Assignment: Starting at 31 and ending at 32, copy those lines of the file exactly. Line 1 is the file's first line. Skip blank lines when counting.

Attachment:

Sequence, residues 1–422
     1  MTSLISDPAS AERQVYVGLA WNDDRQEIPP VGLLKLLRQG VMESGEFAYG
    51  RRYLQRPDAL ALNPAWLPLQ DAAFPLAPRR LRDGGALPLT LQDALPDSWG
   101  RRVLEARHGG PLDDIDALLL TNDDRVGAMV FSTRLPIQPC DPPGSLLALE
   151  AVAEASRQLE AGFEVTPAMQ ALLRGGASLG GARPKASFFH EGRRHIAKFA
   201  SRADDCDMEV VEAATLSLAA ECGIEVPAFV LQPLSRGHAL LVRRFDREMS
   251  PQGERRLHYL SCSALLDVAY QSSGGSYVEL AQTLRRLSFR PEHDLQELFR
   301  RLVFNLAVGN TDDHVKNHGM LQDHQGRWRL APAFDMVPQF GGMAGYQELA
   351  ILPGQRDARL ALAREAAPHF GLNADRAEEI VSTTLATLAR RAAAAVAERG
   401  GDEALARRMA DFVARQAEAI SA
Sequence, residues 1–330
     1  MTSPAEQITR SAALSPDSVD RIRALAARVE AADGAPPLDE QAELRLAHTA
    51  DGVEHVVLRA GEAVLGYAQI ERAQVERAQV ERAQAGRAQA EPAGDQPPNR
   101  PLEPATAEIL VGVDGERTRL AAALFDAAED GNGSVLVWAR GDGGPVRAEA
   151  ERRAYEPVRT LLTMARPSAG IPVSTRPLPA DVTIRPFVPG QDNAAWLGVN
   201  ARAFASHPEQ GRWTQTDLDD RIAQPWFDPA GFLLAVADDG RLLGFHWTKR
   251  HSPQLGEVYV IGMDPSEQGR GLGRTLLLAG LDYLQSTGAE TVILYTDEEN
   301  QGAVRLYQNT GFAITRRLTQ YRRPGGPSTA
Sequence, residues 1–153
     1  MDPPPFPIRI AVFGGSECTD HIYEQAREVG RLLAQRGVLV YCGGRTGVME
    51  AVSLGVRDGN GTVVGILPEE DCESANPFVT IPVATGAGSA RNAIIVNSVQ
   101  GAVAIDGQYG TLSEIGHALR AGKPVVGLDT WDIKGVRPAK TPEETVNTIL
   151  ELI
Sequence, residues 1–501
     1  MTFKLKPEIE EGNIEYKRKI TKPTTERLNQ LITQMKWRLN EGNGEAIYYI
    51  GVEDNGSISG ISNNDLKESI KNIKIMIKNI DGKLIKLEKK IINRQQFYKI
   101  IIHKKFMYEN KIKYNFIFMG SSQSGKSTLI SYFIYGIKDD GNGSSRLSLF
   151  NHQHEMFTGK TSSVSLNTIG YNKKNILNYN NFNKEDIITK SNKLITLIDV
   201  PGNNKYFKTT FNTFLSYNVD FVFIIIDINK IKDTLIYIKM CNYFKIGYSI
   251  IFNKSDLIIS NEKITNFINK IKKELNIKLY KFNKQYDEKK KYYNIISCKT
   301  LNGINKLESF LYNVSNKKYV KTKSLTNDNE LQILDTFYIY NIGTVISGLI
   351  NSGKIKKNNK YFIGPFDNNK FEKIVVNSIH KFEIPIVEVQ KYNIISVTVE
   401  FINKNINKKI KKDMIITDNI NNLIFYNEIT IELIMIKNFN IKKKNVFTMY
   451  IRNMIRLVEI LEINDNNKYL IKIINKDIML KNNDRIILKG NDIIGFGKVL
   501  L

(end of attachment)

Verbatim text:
   301  LNGINKLESF LYNVSNKKYV KTKSLTNDNE LQILDTFYIY NIGTVISGLI
   351  NSGKIKKNNK YFIGPFDNNK FEKIVVNSIH KFEIPIVEVQ KYNIISVTVE